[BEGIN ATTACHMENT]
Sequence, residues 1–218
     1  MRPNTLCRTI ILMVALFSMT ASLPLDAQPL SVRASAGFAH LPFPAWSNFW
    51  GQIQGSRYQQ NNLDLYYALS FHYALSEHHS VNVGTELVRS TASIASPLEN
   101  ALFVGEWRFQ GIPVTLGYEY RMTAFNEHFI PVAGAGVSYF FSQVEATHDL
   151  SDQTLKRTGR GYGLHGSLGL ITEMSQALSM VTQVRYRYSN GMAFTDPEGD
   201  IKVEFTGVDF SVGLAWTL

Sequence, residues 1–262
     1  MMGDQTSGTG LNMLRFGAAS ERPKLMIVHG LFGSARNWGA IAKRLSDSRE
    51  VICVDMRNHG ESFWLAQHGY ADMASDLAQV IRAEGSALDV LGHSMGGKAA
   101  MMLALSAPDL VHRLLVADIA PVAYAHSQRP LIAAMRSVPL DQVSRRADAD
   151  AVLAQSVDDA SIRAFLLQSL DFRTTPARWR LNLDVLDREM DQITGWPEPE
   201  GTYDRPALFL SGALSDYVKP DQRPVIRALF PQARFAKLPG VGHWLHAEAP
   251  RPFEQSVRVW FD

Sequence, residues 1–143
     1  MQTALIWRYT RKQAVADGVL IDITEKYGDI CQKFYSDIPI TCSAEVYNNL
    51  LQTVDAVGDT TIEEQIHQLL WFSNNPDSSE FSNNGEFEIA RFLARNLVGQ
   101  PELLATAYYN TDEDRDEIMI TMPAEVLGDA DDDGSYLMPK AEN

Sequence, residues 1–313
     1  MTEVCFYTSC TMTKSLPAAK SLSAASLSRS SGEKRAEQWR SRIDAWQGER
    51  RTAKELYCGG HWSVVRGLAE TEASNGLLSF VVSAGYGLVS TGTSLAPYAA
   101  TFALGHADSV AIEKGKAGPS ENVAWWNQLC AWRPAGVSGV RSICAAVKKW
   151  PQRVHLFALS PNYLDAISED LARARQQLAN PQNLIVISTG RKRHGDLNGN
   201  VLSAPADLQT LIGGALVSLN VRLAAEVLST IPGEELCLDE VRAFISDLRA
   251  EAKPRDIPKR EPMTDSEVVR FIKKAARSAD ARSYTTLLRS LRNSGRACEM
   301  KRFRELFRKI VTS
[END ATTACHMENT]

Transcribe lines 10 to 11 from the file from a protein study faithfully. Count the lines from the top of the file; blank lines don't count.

   101  MMLALSAPDL VHRLLVADIA PVAYAHSQRP LIAAMRSVPL DQVSRRADAD
   151  AVLAQSVDDA SIRAFLLQSL DFRTTPARWR LNLDVLDREM DQITGWPEPE